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New Hampshire in the grips of heroin ‘epidemic’
Question of the Day
CONCORD, N.H. (AP) - Some states, including New Hampshire, are reporting a rise in heroin use as many addicts shift from more costly and harder-to-get prescription opiates to this cheaper alternative. A look at what’s happening in New Hampshire:
The state has seen the number of deaths from heroin overdose go from zero in 1993 to 67 deaths last year. New Hampshire State Police say 13 percent of all traffic stops and arrests that led to blood or urine tests involved heroin. “It is clear from forensics data and recent spikes on overdoses and deaths that we are in the midst of an epidemic of heroin use, and law enforcement alone simply cannot solve this complex issue,” State Police Col. Robert Quinn said.
The upward trend among heroin overdose deaths in New Hampshire saw the deadly total nearly double in the latest two-year period. The state recorded 16 deaths in 2008; 22 in 2009; 13 in 2010; 44 in 2011; 38 in 2012; and 67 in 2013, according to the state Medical Examiner’s Office. With the rise in heroin deaths so, too, are crimes related to drug use increasing: burglaries, robberies and assaults. The number of people admitted to state-funded treatment programs for heroin addiction has jumped 90 percent in the last decade, with the greatest increase between 2012 and 2013, when 1,540 people were treated for heroin addiction.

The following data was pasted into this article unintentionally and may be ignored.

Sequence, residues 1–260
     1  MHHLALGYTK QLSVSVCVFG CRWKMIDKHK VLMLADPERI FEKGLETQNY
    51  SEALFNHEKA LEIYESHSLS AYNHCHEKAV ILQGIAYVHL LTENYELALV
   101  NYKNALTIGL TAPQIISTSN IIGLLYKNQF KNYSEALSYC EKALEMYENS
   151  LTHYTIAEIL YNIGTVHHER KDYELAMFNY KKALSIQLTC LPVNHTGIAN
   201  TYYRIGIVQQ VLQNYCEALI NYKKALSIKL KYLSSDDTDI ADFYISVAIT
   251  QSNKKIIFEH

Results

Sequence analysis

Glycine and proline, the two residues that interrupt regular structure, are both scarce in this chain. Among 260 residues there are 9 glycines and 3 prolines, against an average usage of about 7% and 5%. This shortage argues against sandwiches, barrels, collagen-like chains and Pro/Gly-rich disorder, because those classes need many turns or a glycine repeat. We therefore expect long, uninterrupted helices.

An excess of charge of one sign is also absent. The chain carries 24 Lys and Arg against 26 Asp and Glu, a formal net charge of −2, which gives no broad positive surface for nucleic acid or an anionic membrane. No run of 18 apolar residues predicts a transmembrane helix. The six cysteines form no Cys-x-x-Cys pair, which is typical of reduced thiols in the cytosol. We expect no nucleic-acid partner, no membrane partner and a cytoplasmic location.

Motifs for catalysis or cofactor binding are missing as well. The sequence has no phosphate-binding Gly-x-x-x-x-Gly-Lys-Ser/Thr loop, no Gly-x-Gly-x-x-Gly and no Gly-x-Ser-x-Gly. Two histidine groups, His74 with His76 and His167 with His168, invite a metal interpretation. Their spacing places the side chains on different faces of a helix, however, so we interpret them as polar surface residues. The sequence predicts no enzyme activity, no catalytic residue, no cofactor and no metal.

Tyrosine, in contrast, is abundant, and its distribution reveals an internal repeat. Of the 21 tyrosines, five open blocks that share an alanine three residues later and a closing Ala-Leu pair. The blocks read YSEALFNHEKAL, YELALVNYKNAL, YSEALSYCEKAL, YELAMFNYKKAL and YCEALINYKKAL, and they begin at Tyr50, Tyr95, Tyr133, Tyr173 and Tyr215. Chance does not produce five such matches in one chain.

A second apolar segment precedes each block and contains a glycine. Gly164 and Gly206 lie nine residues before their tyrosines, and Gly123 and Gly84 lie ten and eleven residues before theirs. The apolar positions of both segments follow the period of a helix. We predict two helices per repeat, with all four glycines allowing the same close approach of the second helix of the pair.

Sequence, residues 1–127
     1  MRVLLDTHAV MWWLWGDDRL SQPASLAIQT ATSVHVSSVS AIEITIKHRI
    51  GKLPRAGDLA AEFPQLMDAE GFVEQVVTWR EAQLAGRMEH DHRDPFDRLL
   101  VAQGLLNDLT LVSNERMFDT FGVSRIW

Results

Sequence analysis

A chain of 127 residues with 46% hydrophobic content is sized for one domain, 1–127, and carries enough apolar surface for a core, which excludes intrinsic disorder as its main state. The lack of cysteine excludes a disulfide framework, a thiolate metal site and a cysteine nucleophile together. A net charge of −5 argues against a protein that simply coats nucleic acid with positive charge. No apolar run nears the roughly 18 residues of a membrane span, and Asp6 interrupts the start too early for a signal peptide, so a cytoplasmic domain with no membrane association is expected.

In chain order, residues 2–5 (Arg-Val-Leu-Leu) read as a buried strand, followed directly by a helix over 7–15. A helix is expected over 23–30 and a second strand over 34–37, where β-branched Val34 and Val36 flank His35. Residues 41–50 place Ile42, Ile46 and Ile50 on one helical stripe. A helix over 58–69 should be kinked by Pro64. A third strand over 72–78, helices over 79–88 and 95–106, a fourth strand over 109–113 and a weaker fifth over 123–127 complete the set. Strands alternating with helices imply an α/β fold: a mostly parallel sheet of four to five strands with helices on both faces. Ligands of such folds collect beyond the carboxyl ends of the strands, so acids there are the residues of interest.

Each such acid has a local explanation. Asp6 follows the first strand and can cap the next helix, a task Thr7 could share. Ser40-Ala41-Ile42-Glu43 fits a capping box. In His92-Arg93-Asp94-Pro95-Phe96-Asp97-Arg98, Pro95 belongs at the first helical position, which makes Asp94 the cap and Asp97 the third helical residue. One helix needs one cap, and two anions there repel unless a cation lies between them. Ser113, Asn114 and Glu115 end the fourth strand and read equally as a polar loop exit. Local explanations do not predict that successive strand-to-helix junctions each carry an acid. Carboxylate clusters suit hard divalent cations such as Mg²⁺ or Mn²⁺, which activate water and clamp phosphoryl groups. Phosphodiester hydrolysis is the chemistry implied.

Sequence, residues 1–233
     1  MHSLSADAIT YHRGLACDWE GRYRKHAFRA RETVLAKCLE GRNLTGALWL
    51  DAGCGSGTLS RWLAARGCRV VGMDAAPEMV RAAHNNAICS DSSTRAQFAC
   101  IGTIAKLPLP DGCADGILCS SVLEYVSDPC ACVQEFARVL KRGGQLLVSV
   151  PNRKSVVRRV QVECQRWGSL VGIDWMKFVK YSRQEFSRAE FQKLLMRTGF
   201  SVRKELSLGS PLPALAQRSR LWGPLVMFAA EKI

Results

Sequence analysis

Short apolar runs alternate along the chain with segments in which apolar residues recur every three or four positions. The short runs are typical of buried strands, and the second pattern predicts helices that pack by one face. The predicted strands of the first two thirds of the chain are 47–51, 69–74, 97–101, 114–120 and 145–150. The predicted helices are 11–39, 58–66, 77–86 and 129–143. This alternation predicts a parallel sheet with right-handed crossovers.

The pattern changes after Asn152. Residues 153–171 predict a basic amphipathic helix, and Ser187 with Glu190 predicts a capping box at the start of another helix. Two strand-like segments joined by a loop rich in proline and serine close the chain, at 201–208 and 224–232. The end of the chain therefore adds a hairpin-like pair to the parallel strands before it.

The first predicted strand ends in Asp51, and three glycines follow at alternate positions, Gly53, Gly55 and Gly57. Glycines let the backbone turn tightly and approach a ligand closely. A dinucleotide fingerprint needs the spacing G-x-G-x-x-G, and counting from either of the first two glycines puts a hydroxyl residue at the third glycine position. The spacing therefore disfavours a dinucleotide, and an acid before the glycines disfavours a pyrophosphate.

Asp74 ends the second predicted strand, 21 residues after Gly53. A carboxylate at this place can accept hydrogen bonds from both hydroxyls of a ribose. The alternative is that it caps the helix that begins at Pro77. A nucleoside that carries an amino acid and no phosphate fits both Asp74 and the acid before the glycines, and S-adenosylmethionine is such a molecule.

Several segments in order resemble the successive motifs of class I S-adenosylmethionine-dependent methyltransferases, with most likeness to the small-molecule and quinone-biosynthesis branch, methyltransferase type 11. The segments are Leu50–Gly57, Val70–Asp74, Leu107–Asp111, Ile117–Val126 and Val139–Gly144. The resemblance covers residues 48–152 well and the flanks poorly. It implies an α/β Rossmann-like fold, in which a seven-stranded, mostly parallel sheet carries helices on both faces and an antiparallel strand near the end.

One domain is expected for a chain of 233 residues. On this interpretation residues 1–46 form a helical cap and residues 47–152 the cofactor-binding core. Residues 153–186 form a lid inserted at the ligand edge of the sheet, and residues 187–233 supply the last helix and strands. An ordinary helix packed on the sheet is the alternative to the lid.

Drug courts for addicted adult offenders operate in two of the state’s 10 counties - Grafton and Strafford - but officials say the courts are expensive to run. Circuit Court Judge Edward Gordon puts the cost at up to $12,000 a person with a program of about 115 offenders who are tested multiple times a week and who attend support sessions daily.
The New Hampshire Legislature is considering a bill that would form a committee to study whether providing immunity from criminal prosecution to any person who in good faith seeks medical help for an emergency drug or alcohol overdose would reduce fatal overdoses.
Some members of a state panel on drug abuse say more funding is needed for treatment and inmate re-entry programs to curb addiction.
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